In the beginning of the Arab Spring, we were contacted by several Tunisian researchers from Luxembourg and France who wanted to return to Tunisia, and rebuild their country bit by bit. Together, we connected with local NGOs Un toit pour tous and Mashreq Shams to explore the potential of local crafts being used to generate an economy in the rural areas of southern Tunisia, thus funding community development.
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The people of around the city of Gafsa used to be nomadic berbers and settled in the arid hills in central Tunisia. The homes are simple, people own little but have a rich culture. There is very little work available locally, the men tend to work in the capital of Tunis, mostly in construction jobs that don't require an educational background. A medical dispensary was lacking, and water wells would improve general health of the community. Drinking water is collected from open cisterns that are fed by rainwater, but also collecting everything else. The result is diarrhea, general health issues and intestinal worms.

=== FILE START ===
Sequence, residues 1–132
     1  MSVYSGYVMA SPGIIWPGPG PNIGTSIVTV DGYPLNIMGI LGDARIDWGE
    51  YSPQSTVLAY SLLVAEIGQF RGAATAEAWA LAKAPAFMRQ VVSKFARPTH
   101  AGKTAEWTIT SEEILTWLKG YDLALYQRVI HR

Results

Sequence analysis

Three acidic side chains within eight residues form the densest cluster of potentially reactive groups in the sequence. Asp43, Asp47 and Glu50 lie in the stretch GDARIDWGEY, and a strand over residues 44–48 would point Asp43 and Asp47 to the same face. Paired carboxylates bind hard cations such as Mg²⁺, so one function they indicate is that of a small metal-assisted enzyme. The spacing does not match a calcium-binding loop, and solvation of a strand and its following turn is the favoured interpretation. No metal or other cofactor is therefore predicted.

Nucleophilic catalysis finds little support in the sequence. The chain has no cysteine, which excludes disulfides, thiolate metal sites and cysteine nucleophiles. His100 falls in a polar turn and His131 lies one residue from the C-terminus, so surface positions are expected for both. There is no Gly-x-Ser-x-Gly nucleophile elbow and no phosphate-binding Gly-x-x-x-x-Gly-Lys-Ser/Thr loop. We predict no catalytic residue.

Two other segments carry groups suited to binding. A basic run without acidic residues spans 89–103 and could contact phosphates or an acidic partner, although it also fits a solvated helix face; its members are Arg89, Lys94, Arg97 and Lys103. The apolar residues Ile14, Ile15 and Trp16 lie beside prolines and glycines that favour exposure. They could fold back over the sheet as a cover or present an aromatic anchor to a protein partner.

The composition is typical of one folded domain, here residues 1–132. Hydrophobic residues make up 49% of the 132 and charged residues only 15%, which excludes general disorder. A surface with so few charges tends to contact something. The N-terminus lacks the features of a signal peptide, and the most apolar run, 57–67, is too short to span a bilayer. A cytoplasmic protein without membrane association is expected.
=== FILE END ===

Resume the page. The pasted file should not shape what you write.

On arrival, we brought suitcases of reading and school books for the elementary school and educational equipment. Ali Ben Yahia, founder of un toit pour tous, introduced us to the community and their projects - building a medical dispensary, cisterns for people's homes and water wells. We spent a week in the area, exploring the community, visiting homes and planning on potential design and product solutions based on people's cultural heritage, skills and the respect of their local history and beliefs.
The planned result is a series of locally crafted products, mostly made by women, who can sell these goods in larger cities and make a fair living of their individual skills, while staying close to their families and having access to medical care, clean water and a school.